Royal Dutch Shell Plc  .com Rotating Header Image

The Times: Grow your own winner

Skills shortages within the oil and gas sector are making companies look inwards to nurture and retain talent

February 27, 2008
Emily Ford

Oil may be running out, but for the moment the slippery black stuff needs more hands than it can get. Companies bend over backwards to recruit skilled, talented staff. Once they find them, retaining and managing that talent is vital – however enthusiastic, not all pipeline engineers want to spend their entire careers on rigs.

“There’s a dearth of talent across the board, at every level,” says Daniel Griggs, a director at BBT, a recruitment consultancy in the oil and gas sector. Companies struggle to fill vacancies in the Middle East, he says, and drilling and electrical engineers are just two roles where there are shortages. “Within these sectors it’s particularly important to retain staff [so] there’s good career progression.” After eight years you could have “senior” in your job title, Griggs says. “If someone’s willing to commit themselves to the industry they have great prospects.” Recruiters are looking at backgrounds creatively, rather than going for a 100 per cent fit.

Shell’s greatest talent shortage is in sub-surface exploration – geoscientists and engineers, says Bob Fryer, vice-president for resourcing and learning at Shell Exploration and Production. For talented graduates, an offer of employment comes with a long-term view. “We believe in delivering a career. People need to grow in their profession: that means staff development.”

The need to retain talent means that the industry is forced to compete on pay and conditions, Fryer says. Shell has the international edge. “Our footprint across the world is a unique offering,” he says. An “open resourcing system” lists vacancies around the world. The company insists on rapid movement for recruits to gain exposure early: new graduates can expect two roles within the first three years. After four years, Shell takes an estimate of potential that allows them to spot “very young and outstanding” talent, he says. Regional talent managers look for leadership potential, but they also expect people to take responsibility. “It’s up to the individual to manage his or her own career,” Fryer says.

High oil prices mean that the production sector is extremely active, says Mohan Kumar, head of HR at Essar Energy. “Talent has become very scarce in upstream and midstream, particularly in refineries and reservoirs,” he says. Essar is growing fast: today it has 2,500 engineers, up from 150 three years ago. “There is tremendous incentive for people to move faster [through the business],” Kumar says. “We try to move talent internally if possible.” Every year, staff are assessed. As soon as they meet a standard, they move up to the next level. Essar also uses external consultants to identify fast-trackers. “We look at the performance of the top 20 per cent of the talent,” he says. The best are potential leaders and assigned a career “account manager”. After two years, some can train to become oil traders, a select and highly paid group, he says.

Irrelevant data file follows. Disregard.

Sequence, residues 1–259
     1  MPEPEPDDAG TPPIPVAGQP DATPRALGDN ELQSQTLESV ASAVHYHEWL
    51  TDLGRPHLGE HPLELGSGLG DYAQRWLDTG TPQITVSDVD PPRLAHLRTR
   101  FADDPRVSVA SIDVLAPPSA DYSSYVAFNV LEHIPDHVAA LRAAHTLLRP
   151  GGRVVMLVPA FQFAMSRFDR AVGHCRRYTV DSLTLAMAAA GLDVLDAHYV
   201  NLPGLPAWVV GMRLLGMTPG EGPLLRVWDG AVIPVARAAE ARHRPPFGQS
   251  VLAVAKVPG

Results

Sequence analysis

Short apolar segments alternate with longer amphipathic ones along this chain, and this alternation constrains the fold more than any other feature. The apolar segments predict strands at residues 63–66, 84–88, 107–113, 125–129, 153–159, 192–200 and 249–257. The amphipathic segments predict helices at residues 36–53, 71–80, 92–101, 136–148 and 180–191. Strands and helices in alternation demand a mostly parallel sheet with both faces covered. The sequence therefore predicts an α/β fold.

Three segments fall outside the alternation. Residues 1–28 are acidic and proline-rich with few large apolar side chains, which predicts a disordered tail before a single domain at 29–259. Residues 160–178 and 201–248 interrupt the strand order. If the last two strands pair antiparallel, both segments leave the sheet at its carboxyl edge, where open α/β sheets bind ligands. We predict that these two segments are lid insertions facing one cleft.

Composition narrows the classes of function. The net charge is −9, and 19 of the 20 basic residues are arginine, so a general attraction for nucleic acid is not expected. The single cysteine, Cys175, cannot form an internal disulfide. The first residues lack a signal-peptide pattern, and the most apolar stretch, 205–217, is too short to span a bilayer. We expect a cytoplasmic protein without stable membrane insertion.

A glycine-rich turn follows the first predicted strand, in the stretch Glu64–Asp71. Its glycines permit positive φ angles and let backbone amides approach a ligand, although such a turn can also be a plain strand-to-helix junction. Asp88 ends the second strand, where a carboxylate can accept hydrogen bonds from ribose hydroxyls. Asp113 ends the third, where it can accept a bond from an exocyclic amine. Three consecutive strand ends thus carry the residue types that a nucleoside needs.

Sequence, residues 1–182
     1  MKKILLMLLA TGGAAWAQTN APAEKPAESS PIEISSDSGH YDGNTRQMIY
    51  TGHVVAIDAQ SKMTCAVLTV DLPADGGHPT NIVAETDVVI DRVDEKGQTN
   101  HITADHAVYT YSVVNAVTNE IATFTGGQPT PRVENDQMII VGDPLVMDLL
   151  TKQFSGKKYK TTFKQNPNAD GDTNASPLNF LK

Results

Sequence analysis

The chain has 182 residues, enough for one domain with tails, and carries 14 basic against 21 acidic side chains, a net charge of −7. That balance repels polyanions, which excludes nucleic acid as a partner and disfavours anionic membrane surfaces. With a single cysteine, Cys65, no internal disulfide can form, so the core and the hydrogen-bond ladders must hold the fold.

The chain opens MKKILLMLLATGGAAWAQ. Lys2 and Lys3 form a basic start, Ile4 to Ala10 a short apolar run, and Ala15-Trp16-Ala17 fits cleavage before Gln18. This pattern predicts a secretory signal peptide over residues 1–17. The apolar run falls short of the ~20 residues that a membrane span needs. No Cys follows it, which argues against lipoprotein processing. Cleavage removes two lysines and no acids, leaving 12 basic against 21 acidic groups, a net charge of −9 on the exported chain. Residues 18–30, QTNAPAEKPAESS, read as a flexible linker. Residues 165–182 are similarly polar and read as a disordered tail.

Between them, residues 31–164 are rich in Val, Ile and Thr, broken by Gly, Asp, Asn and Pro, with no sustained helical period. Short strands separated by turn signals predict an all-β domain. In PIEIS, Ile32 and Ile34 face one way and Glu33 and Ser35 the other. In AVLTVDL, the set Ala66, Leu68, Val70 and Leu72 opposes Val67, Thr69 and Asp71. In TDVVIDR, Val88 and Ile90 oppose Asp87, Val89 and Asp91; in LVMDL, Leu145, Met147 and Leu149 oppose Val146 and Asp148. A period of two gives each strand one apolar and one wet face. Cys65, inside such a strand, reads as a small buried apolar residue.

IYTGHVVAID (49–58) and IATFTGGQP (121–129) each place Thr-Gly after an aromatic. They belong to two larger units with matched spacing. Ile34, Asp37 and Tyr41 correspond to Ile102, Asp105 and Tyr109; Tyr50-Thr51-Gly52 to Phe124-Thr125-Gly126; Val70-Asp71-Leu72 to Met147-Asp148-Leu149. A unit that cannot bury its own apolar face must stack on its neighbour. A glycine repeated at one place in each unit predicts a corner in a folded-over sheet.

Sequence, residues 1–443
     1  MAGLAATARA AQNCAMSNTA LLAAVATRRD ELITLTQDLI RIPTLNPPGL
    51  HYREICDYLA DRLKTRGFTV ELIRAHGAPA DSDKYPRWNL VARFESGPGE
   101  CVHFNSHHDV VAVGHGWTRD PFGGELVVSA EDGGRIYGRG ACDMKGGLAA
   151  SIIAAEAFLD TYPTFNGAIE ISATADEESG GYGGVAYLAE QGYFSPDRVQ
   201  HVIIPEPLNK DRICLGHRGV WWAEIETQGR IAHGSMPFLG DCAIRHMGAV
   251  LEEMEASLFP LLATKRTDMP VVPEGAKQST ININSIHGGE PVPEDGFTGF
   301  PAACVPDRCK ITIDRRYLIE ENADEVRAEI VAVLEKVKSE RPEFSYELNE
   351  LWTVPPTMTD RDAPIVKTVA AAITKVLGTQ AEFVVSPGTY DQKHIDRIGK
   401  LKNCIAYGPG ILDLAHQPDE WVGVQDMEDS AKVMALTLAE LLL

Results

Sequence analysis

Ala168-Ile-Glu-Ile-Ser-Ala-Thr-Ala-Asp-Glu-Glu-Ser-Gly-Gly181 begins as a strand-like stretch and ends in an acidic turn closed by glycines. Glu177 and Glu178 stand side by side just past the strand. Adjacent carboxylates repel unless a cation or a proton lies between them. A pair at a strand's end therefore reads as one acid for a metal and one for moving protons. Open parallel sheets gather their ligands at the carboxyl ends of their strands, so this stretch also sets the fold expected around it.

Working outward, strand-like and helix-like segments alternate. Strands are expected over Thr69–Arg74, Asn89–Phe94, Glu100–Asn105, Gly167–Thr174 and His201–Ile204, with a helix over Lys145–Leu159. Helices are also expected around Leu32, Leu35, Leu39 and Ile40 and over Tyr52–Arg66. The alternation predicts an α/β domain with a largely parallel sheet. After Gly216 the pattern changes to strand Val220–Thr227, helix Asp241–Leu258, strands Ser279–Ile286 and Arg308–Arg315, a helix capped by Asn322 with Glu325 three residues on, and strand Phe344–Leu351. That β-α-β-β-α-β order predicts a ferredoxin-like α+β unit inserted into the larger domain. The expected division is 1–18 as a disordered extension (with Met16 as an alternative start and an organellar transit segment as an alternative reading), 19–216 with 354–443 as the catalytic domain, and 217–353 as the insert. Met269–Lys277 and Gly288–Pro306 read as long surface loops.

Dean Hunter, HR director at Production Services Network (PSN), an oil and gas service contractor, is proud of their 0.6 per cent attrition rate and cites transparent opportunities as the reason. “People think that talent management is all about training but that’s not the case. [Employees] need to see a visible career path. Oil and gas is often not very good at that.”

Employees are not given a career ladder but a “spider’s web” with 30 routes. At the top of the discipline route, employees are given the title of “chief of discipline”. A chief mechanical engineer, for example, hires and trains staff as well as acting as an expert technical adviser. Everyone is expected to be flexible. “If we keep accountants as accountants, they will potentially hit a ceiling because not everyone can be a finance manager,” Hunter says. “When people get to a certain level we need them to move into ‘people’ areas such as sales or business development.” Graduates spend at least three years in a discipline to acquire a core technical skill. “We don’t want them to become jacks of no trades,” Hunter says.

It’s a familiar sentiment: oil and gas companies need to woo talented workers then hold on to their industry knowledge throughout their careers. The reward? Rapid career progression, if you’re good enough. One apprentice at PSN was made the global construction manager at 28. “That’s not unusual,” Hunter says. and its sister websites,,,,, and are all owned by John Donovan. There is also a Wikipedia article.

1 Comment on “The Times: Grow your own winner”

  1. #1 Mitchell K Ray
    on Apr 1st, 2008 at 16:48

    Please advise if RoyaldutchShell hires remote site paramedics for it’s oilrigs overseas? Thank you very much. I would like to send a resume to your Human Resourses Divison. Mitchell K. Ray

Leave a Comment

%d bloggers like this: